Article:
Review: The Age of Innocence by Edith Wharton

The Age of Innocence by Edith Wharton has been sitting on my to-be-read shelf for months now, and I finally decided to pick it up. The book has all of the makings of something I would love: a historical love story set in New York City in the Gilded Age, peppered with feminist ideas.

My interest in the Gilded Age stems from the fact that I grew up in Southern Rhode Island. For those of you that don’t know, Newport, Rhode Island was known as the wealthy set’s summer playground. Dozens of “cottages,” or, large mansions if we’re being honest, line a street called Bellevue Avenue, and I grew up admiring them.

You may be wondering how a self-proclaimed feminist could be interested in such an oppressive age for women. Call me crazy but with a bit of digging, there are examples of empowered women within the Gilded Age to be found, and I love finding them. I was pleasantly surprised that The Age of Innocence contains one of them. Or, two, if you count the author’s story.

Before I jump into the novel, I want to give you all a little bit of background on the author, Edith Wharton. I first heard her name thanks to her own summer cottage on the sea. It’s called Land’s End and I must have driven past it over 50 times in my life.

Wharton herself was a part of New York City’s upper class, and most (if not all) of her stories take place in this far away (for most of us) world. After doing a bit of research I also found out that the saying “keeping up with the Joneses” refers to her father’s side of the family. That’s just to give you an idea of how wealthy her family was.

Wharton emerged from this world as a successful writer, something very rare for a woman at the time. Historians say that she showed an interest in writing from a very early age, despite little to no support from her family and friends. Well, let me back up. Her family agreed to publish her work as long as her name was not attributed to any of it. After all, “writer” isn’t the occupation of a lady.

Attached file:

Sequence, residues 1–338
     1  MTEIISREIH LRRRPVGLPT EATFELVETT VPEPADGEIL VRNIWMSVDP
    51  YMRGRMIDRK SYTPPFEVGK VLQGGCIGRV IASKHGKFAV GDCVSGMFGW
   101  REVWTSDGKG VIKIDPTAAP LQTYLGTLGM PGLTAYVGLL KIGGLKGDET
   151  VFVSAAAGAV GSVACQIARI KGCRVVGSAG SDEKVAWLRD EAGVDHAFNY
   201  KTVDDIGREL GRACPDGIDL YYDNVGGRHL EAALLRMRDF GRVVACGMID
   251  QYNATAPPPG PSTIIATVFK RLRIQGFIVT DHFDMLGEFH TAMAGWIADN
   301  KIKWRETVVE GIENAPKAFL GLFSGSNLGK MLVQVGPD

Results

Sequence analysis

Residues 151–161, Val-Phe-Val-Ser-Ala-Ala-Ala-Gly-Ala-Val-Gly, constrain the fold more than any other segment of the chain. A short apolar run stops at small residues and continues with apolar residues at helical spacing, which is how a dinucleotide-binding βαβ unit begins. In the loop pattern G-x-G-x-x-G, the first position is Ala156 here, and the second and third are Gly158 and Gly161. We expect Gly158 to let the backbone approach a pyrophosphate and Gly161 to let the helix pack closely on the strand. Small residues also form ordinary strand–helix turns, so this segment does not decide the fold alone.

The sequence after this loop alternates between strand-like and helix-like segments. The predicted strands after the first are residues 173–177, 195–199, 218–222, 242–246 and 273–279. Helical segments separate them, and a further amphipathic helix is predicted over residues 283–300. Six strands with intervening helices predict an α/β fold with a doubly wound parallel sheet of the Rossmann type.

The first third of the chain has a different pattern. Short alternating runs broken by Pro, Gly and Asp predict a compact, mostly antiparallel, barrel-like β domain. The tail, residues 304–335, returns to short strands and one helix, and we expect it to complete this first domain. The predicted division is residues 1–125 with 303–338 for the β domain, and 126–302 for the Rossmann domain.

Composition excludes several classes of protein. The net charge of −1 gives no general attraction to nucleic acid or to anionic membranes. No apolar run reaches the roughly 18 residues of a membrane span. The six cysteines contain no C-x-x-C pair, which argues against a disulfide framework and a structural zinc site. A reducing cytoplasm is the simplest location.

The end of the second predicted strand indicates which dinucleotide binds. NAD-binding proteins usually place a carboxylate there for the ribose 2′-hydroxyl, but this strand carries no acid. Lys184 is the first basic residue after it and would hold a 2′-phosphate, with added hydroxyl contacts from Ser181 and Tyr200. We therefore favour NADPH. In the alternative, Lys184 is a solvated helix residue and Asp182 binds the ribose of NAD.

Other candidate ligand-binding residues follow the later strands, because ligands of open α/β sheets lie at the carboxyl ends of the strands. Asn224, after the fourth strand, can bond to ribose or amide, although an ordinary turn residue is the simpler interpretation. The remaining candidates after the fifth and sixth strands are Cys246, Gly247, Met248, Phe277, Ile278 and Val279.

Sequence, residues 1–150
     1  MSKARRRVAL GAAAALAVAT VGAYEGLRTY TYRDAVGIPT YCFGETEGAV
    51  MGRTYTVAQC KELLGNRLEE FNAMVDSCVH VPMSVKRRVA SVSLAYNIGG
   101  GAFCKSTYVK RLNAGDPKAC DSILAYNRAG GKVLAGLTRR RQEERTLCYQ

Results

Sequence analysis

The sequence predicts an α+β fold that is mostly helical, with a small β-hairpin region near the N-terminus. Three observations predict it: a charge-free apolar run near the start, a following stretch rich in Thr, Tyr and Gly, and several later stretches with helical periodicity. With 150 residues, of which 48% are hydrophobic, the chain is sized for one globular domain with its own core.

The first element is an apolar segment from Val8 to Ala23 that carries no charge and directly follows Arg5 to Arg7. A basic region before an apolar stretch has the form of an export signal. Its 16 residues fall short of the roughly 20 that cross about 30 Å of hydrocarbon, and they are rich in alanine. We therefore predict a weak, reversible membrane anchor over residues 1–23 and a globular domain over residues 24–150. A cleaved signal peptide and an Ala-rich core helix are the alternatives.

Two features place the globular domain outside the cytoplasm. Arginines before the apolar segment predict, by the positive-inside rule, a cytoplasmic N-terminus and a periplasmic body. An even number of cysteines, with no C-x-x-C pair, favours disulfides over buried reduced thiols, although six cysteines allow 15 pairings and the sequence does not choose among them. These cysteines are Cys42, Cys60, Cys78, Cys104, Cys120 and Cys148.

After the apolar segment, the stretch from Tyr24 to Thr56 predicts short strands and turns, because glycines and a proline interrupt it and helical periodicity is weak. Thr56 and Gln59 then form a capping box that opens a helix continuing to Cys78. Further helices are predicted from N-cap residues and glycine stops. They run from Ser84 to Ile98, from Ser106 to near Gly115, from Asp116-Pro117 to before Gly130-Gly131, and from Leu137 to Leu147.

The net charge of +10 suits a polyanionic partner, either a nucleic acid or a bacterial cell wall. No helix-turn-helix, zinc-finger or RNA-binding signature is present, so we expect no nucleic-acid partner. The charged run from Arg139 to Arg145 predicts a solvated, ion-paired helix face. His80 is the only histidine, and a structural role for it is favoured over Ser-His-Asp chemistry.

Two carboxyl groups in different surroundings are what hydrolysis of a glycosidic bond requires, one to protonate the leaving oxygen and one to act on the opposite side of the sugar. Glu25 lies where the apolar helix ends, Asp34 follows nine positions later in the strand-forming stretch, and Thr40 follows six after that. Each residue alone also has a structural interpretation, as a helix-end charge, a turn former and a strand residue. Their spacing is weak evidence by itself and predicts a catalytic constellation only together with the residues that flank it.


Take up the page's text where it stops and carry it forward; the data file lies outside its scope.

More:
However, Wharton persisted. After she was married, she and her husband began to travel extensively throughout Europe. While abroad, Wharton was able to focus on her writing without the criticisms of her family. She lived throughout Italy, France, and England throughout the beginning of the 20th century, and she also assisted with the war effort in Paris during World War I. When I think about Wharton’s summers in Newport, interest in writing and in Europe, I feel like I’ve found my spirit animal.

After the war, she traveled to the South of France where she wrote The Age of Innocence. She went on to become the first woman ever to win a Pulitzer Prize in Literature in 1921 for the novel. She was also nominated for the prize in 1927, 1928, and 1930.

“‘Women ought to be free — as free as we are,’ he declared, making a discovery of which he was too irritated to measure the terrific consequences.”

- The Age of Innocence, pg 39

When I read the line above, I realized that The Age of Innocence wasn’t just any love story from the Gilded Age, but one in which the author had added some of her own feminist ideals.

The story centers around a man named Newland Archer. When we meet Newland, he is a bachelor in New York City. Within a few pages, however, the reader is introduced to his fiancée, May Welland. May comes from one of the richest and most respected families in NYC, and Newland is eager to marry her.

Wharton shows us early on that Newland has several conflicting ideas. While he is happy with his life amongst the upper class of New York, he does seem to recognize that he and his peers live in an old fashioned and flawed system. He goes back and forth between being content in his life and his upcoming marriage, to feelings of disgust over the dated way he will is expected to live his life.

One line that really stuck out for me, and which does a great job at explaining what I mentioned above, is found on page 164. May and Newland have been married and are on their honeymoon in Europe when Newland gets to thinking: